Palm Sunday morning, the sun bathed my shoulders as I walked to the high spots of downtown Cremona. The town was smaller than I expected from the night before; before long, I was several blocks past the Violin Museum run by the Stradivari Foundation, and doubling back. The air felt fresh and traffic was almost non-existent.
I wish that I had studied more art history, because I would have not been surprised to learn that Cremona boasts a major figure in all different fields of art. This is the 450th anniversary of Claudio Monteverdi’s birth, and the Museo del Violino has an exhibit devoted to Stradivari and Caravaggio, who were contemporaries. The audioguide was included in the price of the ticket for the Museum, but I preferred to read the signs. In addition to a stunning collection of string instruments spanning five centuries, there was a glass-enclosed luthier’s workshop, with a graduate student of the attached Luthier Academy busy making a new violin. I learned that the viola was the first modern string instrument to evolve from the rebec and lute of the Middle Ages. The translations into English left me a little dismayed, but not surprised: viola was translated as “fiddle” and the luthier craft was called “fiddle making.” (sigh!)
I walked to the Cathedral after exiting the Museum. This time I paid more attention to the map, and made no mistakes. The Cathedral dates to the 12th Century, as does its stunning bell tower. It is the highest all-brick bell tower in the world, and the third-highest bell tower of any material in Europe. At the base, a universal clock tracks the date, time, season, and even eclipses of the sun. Each day, someone inside moves the sandbags that will power the clock for another 24 hours. It is the oldest functioning clock of any kind in the world. Massimo met me in the piazza outside, and we walked back to the house after taking some photos.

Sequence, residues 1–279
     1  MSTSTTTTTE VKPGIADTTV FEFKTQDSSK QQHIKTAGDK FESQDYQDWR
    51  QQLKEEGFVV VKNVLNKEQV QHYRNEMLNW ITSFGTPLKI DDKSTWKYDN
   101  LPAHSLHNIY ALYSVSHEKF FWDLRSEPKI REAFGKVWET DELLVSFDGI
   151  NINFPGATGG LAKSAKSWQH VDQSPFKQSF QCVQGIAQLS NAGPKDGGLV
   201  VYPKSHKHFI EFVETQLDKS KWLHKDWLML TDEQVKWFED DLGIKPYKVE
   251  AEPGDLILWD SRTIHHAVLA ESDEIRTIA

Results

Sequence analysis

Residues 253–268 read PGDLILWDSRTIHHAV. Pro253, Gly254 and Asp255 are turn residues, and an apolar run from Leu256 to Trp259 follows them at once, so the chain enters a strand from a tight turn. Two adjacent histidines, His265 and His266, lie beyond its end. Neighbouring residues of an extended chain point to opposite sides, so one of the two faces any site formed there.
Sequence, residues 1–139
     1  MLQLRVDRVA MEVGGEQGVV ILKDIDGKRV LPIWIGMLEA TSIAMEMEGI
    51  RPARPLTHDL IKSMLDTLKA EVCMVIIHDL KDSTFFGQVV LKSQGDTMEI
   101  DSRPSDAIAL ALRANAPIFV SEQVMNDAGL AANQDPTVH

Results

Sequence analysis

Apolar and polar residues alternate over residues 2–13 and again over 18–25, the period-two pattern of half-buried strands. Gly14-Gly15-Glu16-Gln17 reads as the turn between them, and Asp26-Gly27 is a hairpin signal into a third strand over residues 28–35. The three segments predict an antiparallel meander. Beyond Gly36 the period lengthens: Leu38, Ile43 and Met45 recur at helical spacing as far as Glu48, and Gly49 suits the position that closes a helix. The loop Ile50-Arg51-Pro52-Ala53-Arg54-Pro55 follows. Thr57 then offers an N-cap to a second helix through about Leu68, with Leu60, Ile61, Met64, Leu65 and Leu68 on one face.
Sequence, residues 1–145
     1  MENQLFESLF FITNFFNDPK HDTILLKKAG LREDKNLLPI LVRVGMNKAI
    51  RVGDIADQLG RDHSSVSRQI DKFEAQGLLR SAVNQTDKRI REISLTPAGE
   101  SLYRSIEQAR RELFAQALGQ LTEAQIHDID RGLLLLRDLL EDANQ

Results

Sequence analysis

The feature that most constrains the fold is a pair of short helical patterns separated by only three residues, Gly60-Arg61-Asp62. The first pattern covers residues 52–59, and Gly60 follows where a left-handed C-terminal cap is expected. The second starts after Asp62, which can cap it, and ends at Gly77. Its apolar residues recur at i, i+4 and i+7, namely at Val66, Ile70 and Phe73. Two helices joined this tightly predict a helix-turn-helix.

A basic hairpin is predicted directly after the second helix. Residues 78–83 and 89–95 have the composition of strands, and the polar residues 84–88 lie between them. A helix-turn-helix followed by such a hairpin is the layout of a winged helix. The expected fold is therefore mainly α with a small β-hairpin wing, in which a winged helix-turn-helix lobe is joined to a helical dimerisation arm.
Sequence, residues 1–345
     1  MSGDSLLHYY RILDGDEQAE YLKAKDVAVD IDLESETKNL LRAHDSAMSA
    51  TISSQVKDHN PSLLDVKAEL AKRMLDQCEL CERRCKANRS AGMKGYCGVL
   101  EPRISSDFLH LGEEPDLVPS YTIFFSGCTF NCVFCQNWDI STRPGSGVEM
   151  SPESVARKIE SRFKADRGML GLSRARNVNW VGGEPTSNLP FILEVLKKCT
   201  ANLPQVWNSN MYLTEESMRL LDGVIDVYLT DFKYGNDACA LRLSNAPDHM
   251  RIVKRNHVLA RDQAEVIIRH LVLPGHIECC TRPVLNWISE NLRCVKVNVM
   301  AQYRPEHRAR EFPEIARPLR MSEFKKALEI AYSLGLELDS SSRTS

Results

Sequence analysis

Cremona is not quite on the Po River, but I found the Viale del Po to the bridge easily and was soon in the rich and fertile countryside on the right bank of the mighty river. Another milestone passed, when I rolled the one-thousand mark on the odometer. It was lunch time, and I was starving, so I stopped at the Osteria del Pescatore off the bicycle path in Castelvetro, the town opposite Cremona on the Po. To my surprise, the place featured excellent fresh seafood, and I enjoyed a full, two-hour pranzo. After having had the northern idea of pizza for two days in a row, I was dying for some protein, especially fish. The owner surprised me after I paid the bill by offering to stamp my booklet. After some confusion, I realized that he recognized my pilgrim’s jersey and was offering to stamp my credencial, because the bike path was on the Via Francigena, the great Medieval pilgrimage route from Canterbury to Rome. I thanked him but declined. That made me wish that I had known, because I had been tracking along the Via Francigena from Formia, and could have been collecting cool stamps along the way. As it is, I felt like a pilgrim, with this crazy idea to visit the Santuario del Ghisallo on Easter.